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Bubba being Bubba meets Oakley being Oakley

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There might not be a more interesting golfer on the PGA Tour than Bubba Watson, and it’s nothing he tries to hide.

He’s the longest driver on the PGA Tour, which comes with its own level of notoriety. Now add that the five-time tour winner is left-handed, self-taught and one of the most talented ball strikers on the PGA Tour. From the middle of the fairway, he’s known to curve his shots 30 yards this way or 30 yards that way, because that’s what seems right to him.

Adding to Watson’s fame are his media feats, which include his part alongside Ben Crane, Hunter Mahan and Rickie Fowler in the golfing boy band the “Golf Boys,” and his decision to trade in a traditional golf cart in favor of a hovercraft last April. 

Watson’s unique equipment needs are something out of golf folklore as well. He wields a pink driver with a pink shaft and golf grips that are more similar in size to the handle of a baseball bat than a golf club.

When Oakley signed the golfer to a contract to wear its apparel in 2013, its leadership knew that it was challenging itself with one of the most distinctive, untraditional golfers in today’s game. But by building products for him, the company knew it would be on a path to building better products for all golfers.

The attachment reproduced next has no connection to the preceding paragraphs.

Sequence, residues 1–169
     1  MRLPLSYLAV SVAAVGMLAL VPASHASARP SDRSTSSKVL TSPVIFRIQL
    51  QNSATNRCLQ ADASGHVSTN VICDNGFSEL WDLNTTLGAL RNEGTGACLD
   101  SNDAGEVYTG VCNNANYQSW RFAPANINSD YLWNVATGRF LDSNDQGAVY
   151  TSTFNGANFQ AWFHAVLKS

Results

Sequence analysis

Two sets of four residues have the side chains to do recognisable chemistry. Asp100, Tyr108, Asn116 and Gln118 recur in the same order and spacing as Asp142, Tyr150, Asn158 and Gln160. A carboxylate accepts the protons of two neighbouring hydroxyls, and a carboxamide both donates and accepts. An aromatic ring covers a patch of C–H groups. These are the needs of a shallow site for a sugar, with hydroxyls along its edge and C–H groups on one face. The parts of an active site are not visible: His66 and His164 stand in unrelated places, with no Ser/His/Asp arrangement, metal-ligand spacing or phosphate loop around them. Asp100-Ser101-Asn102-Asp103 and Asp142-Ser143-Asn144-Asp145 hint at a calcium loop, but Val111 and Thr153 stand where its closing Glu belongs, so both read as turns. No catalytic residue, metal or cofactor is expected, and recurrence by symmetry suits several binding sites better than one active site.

Bubba’s Masters Scripting

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Bright colors dominates Watson’s 2014 Masters apparel, just as the 35-year-old Bagdad, Fla., resident likes.

“He’s pretty untraditional relative to the rest of the golf community,” says Kristin Debany, Oakley’s global director of performance apparel and accessories. “He’s more vocal with his opinions and likes to stand out more. He gravitates toward the bigger, bolder prints and wants to be noticed on the course.”

Key to the bright colors that Watson sports on the course is Oakley’s printing technique called sublimation, which prints the colors and graphics on Oakley apparel when it’s still in the fiber stage. It’s a process Oakley borrowed from its production of surfing board shorts, and gives the company’s apparel a more dimensional, textural look, Debany said.